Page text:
One of the first things I did when I arrived in Vancouver was a bicycle search. In a city with so much bicycle infrastructure, I felt compelled to bike everywhere. I was lucky and had a friend who let me borrow his bike – thanks Parker! At the time, there was no snow in Vancouver, just a lot of rain.
So where do I even begin? We’ve just been on the go for the past few weeks in Vancouver. Our set-up was different from our norm (schools and community centres) because we were a part of the official launch for Innovation150 at Science World. To help celebrate this year-long initiative of science and innovation, our Minister of Science, Kirsty Duncan stopped by to see our Power of Ideas exhibit along with the Actua maker workshops. There was wonderful chaos inside the exhibit with politicians, educators, science communicators, physicists, media, students and the general public. I was thrilled to see so many people coming together to learn about physics and general science. Finally, something worth the media attention!
While we did see many school groups, we were open to the public during Science World hours and engaged with many families. Our tour primarily targets high school students and so it was interesting for us to talk about physics to younger audiences. Having said that, some kids amazed me with their sheer determination in problem solving as well as their overall knowledge in astronomy and physics. I also saw some great interactions within the exhibit from families working together on problems (e.g. the mystery tube) to discussions among parents, children, siblings and friends.
After Science World, we packed up and traveled to Collingwood School in West Vancouver. We participated in a science assembly where we introduced ourselves, talked about what turned us on to science and why we decided to join the tour. Collingwood is an independent school (private school) so we also had younger audiences (grade 6-8) that came through our exhibit and presentations. I think it’s really easy to underestimate how engaged younger audiences will be because they do not cover physics yet and if there is no continued “wow” factor, they often lose interest (at least that is what I’ve observed so far). So, when I learned I would have grade 6s for my first presentation, I have to admit that I expected the worst. I have had previous experiences where students would not sit still and were very disruptive. But, boy was I wrong about this group. They were actually my most enthusiastic audience who could not wait to share their ideas with me. That was a big lesson for me: Don’t underestimate anybody! I think even as a pretty open person who tries not to generalize groups, it’s hard not to do this, especially after a negative experience. Maybe that’s how we get jaded overtime. This was a great learning experience and I’m so happy my first impressions were wrong.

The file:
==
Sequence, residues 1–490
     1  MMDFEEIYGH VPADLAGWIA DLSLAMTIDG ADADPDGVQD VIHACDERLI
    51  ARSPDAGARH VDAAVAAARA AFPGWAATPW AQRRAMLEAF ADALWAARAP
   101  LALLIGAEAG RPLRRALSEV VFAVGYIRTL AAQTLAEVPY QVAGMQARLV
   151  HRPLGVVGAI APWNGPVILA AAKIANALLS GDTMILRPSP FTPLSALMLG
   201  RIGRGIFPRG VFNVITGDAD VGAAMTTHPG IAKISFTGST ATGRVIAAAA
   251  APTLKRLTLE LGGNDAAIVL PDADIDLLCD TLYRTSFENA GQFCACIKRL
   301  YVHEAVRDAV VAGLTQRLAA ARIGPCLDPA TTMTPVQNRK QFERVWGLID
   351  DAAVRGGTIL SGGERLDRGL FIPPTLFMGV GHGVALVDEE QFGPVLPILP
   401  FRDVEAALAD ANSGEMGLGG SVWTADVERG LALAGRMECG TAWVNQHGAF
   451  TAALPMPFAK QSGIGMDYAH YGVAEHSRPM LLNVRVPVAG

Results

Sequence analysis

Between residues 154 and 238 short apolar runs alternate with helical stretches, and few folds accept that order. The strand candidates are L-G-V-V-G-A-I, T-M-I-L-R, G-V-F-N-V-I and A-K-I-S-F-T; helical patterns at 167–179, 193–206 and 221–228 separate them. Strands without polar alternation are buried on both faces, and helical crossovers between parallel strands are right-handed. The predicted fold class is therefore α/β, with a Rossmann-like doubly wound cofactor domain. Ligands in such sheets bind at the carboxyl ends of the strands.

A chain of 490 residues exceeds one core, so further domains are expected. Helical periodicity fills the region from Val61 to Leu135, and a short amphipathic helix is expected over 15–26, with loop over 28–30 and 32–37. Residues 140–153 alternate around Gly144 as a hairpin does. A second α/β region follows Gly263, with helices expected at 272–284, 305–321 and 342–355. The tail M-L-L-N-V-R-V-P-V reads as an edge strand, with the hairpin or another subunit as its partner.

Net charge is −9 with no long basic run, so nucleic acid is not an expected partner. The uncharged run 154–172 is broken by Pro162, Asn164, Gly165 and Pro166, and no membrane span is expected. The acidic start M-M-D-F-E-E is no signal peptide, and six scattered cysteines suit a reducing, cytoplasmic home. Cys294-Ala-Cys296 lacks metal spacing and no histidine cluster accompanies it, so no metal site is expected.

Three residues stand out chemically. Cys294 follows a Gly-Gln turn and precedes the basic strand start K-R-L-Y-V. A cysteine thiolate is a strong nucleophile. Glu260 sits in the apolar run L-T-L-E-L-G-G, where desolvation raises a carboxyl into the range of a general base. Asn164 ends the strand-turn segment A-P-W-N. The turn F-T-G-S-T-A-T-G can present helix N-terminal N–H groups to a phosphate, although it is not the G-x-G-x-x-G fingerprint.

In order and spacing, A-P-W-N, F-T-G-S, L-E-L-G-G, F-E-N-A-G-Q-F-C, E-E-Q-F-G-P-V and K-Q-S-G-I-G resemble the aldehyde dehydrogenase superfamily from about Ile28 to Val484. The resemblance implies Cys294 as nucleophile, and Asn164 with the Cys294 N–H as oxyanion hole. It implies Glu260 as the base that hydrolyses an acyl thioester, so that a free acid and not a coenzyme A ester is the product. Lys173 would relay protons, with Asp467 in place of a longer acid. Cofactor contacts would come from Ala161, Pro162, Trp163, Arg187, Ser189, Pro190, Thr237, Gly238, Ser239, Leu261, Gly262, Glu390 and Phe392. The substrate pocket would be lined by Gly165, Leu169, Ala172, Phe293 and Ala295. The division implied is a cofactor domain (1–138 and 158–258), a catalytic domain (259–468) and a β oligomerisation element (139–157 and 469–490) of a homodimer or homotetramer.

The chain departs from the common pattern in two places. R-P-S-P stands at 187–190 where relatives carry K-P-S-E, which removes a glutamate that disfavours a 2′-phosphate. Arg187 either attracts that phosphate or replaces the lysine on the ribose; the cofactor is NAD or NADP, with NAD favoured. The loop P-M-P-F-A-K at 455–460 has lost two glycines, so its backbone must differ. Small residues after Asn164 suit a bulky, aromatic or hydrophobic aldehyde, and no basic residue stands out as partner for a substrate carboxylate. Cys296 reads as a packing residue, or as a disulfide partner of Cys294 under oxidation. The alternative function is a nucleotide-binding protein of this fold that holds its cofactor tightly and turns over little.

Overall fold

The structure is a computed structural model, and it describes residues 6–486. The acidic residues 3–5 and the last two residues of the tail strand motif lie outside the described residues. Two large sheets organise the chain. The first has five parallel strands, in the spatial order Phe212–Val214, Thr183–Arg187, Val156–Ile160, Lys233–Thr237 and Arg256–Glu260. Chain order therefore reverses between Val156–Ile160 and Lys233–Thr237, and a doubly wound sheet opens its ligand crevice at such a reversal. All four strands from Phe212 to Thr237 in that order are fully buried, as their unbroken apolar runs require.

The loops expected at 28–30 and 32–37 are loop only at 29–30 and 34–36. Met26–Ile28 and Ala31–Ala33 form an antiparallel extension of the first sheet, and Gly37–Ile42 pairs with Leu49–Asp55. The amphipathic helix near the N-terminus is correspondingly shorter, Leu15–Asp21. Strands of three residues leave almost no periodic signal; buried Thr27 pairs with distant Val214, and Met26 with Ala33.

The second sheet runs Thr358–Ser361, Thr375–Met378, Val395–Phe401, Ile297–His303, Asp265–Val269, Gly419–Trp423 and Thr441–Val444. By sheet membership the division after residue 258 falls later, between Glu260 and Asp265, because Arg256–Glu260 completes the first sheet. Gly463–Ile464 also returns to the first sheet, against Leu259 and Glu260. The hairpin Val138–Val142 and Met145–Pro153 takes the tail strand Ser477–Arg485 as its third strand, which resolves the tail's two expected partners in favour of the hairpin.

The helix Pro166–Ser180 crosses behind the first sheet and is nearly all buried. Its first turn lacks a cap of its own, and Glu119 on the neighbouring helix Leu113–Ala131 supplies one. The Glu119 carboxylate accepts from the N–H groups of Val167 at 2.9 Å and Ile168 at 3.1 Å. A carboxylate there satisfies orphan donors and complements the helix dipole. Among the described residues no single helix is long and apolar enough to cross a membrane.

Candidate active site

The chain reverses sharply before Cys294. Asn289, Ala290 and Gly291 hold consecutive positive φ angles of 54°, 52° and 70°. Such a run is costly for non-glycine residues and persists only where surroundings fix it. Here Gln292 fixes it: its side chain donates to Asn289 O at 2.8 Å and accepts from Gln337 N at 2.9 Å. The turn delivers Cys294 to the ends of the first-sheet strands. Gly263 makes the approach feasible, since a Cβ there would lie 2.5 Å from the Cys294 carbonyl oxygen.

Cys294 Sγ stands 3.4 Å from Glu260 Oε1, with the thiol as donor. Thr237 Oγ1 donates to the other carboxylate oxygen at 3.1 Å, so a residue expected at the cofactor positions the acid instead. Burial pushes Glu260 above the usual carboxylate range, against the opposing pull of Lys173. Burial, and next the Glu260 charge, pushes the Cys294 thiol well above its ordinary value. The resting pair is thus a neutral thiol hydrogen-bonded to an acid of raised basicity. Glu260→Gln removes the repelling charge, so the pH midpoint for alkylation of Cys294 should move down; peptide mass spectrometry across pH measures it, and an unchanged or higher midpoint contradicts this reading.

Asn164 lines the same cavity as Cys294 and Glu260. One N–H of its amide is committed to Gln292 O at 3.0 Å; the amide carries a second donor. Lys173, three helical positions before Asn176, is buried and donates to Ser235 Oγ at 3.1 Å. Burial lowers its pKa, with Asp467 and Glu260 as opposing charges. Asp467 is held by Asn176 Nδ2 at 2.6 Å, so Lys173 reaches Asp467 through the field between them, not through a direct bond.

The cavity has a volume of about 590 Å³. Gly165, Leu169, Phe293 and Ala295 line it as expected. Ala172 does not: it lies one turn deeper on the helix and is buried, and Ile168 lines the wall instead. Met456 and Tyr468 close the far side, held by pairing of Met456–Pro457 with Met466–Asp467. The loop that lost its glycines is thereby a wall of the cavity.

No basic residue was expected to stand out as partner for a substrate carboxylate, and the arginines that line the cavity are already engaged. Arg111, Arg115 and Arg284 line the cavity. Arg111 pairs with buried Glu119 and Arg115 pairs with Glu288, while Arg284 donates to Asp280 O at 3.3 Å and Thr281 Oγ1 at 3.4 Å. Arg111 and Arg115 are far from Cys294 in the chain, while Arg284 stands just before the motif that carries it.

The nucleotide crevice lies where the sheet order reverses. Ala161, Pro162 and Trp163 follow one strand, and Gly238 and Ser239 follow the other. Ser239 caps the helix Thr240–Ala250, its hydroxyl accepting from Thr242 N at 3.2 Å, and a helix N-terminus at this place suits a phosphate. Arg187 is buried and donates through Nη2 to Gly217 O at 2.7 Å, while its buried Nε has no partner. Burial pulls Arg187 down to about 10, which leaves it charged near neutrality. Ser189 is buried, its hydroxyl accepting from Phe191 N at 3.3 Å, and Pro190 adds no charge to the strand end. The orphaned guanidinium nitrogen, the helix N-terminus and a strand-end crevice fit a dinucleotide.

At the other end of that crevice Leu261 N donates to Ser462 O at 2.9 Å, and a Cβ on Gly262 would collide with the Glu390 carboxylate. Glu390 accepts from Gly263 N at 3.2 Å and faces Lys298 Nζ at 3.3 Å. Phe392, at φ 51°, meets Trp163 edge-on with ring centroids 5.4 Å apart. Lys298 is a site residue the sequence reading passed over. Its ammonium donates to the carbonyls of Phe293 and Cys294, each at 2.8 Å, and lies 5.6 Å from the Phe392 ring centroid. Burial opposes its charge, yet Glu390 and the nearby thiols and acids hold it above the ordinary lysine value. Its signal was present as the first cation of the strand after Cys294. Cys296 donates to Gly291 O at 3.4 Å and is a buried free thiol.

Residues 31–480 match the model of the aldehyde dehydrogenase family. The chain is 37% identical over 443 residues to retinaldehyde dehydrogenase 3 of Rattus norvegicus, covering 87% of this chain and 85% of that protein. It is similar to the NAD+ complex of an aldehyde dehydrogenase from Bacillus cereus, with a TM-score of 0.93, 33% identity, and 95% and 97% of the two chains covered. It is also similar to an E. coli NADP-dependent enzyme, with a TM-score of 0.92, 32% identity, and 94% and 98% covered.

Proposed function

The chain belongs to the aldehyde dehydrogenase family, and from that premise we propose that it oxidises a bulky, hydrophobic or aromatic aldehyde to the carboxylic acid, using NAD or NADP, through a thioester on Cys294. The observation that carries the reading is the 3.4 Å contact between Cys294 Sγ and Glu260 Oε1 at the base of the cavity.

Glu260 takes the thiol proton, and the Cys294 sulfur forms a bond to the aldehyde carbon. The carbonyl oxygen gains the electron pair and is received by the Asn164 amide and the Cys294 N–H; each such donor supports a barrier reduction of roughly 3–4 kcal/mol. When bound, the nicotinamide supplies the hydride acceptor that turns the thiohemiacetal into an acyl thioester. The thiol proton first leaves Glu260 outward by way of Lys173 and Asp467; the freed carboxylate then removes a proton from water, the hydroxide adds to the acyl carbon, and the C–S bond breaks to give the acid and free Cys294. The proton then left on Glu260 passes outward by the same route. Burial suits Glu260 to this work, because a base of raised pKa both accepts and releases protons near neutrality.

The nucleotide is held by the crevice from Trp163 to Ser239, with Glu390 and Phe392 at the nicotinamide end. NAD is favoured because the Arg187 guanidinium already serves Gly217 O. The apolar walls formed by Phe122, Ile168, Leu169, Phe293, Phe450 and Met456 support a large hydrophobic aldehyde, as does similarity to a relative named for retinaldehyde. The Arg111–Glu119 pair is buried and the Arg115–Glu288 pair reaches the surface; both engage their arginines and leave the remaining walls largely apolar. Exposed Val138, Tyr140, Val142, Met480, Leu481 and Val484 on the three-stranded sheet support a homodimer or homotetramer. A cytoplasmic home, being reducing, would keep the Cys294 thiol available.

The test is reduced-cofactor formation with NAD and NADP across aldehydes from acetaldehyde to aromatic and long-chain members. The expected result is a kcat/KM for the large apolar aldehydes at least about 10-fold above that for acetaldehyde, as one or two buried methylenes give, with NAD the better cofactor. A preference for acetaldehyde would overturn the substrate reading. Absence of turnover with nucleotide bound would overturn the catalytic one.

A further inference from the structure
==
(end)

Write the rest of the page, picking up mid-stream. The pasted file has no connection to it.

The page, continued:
Here are some questions, concerns and ideas from the grade 6 and 7s from Collingwood: